Aside from its hypnotic ways, Itacaré was home to some of the nicest people we met in Brazil, some incredible places to eat, and a beautifully quaint and colourful high street.
Visit here if: you enjoy surfing, relaxing, eating and falling asleep in random public places.
A town on Croatia’s Dalmatian Coast, Split has been a firm favourite for some time. Joelle and I visited in 2015, and unfortunately I’m told it has lost its charm due to the huge number of cruise ships and tour groups which now visit. Either way, Split drew me in when we visited.
From Diocletian’s Palace and Hajduk Split’s strange spaceship looking football stadium, there’s loads to do. It’s also the perfect point from which to go island hopping and to visit some of Croatia’s national parks.
Visit here if: you love history, (pebbled) beaches and fearing for your life on mountainous roads.
Cabo Polonio, Uruguay
I was conflicted about whether or not to include this one on the list. I didn’t feel as though I loved it when I was there, but it’s one of the stand-out travel moments for me thus far. So it made the cut.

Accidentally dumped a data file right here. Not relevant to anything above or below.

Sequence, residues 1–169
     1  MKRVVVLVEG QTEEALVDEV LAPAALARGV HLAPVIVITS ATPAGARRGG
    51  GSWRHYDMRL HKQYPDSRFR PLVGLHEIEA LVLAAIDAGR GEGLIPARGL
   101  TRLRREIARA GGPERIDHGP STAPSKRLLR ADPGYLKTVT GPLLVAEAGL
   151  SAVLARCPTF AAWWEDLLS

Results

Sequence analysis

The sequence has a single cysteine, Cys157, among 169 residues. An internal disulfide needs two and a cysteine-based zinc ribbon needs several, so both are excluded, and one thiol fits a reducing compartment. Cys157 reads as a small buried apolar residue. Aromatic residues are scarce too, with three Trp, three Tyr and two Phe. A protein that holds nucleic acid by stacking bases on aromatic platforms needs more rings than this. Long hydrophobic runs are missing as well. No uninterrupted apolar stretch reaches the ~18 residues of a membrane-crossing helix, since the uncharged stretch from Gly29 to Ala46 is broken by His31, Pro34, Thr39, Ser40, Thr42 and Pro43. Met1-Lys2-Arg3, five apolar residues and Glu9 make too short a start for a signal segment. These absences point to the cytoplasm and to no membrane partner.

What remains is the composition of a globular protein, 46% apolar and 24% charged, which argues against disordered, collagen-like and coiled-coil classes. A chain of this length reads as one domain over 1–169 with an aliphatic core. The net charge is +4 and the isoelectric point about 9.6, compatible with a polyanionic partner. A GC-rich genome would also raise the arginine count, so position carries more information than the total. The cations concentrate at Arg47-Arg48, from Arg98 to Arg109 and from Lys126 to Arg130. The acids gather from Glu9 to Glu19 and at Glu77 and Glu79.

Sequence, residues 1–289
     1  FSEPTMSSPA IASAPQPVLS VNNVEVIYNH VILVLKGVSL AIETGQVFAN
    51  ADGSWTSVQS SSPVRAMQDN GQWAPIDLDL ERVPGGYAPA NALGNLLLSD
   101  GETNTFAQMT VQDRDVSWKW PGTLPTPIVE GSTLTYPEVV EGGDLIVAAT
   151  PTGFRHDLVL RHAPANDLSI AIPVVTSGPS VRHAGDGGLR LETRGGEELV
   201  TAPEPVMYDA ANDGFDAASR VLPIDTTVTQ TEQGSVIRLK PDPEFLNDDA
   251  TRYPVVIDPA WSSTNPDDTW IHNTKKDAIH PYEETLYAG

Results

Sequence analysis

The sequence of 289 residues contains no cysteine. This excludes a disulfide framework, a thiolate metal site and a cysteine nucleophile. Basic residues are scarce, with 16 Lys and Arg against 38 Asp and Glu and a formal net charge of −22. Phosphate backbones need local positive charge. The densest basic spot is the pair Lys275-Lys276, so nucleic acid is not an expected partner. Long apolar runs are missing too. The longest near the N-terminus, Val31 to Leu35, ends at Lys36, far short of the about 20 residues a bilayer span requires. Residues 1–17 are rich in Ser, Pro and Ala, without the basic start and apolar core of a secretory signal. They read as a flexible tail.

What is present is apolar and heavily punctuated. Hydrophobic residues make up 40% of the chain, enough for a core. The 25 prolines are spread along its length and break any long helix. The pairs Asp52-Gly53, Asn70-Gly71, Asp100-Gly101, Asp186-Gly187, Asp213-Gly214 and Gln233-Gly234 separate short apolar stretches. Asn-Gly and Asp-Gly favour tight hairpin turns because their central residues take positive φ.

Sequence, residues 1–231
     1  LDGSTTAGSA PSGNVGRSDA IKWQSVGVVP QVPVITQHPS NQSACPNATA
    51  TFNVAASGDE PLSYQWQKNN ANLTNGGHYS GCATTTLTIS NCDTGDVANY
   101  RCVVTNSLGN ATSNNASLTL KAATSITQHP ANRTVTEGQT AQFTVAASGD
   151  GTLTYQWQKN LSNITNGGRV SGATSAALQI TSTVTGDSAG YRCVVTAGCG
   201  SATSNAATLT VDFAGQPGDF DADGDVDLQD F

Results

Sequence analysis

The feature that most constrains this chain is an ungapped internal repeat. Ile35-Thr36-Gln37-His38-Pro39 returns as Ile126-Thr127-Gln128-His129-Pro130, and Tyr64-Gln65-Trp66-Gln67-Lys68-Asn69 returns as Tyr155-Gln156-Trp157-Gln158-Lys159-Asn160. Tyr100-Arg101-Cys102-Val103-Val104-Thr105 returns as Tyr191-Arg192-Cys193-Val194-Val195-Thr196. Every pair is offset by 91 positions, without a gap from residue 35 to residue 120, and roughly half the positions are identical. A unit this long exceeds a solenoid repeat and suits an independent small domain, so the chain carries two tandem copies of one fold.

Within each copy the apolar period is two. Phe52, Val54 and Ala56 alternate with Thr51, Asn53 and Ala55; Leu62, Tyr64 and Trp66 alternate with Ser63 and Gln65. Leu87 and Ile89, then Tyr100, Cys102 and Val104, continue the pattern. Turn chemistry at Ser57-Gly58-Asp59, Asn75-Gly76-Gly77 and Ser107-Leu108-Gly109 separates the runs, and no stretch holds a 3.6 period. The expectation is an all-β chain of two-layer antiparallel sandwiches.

Cabo Polonio is the weirdest place I’ve ever been to, period. It’s located somewhere on the Uruguayan coast, takes a 30 minute 4×4 journey to reach and is redundant of electricity. It’s also home to the largest colony of sea lions I’ve ever seen, so the entire town smells entirely of fish.
There’s one shop, a few places to eat and a lighthouse. Weed is legal in Uruguay so everything naturally flows at a slower pace there, but it seems as though the world has stopped entirely in Cabo Polonio. We stayed in our hostels new attic room. After climbing a questionably safe ladder, our room was only large enough for a double mattress and two bags. It was half-sized, so standing up straight was impossible. Entirely made of wood, there was an external door which led to a balcony of sorts, and overlooked the town’s only shop.